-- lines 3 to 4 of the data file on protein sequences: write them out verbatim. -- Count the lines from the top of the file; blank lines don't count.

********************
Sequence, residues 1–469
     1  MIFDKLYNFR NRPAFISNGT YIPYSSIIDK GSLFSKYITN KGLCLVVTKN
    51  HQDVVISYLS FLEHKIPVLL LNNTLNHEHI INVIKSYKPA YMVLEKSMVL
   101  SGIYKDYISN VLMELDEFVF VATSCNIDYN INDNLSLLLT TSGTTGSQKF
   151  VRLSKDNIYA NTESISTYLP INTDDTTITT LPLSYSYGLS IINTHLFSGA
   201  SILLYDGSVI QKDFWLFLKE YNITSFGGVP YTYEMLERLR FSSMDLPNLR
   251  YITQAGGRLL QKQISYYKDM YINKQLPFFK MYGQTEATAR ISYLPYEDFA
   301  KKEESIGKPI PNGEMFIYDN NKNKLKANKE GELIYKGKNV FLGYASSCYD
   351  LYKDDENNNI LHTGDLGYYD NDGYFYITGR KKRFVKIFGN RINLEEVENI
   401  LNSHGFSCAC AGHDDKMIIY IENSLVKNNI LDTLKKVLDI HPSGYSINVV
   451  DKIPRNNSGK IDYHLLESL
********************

    51  HQDVVISYLS FLEHKIPVLL LNNTLNHEHI INVIKSYKPA YMVLEKSMVL
   101  SGIYKDYISN VLMELDEFVF VATSCNIDYN INDNLSLLLT TSGTTGSQKF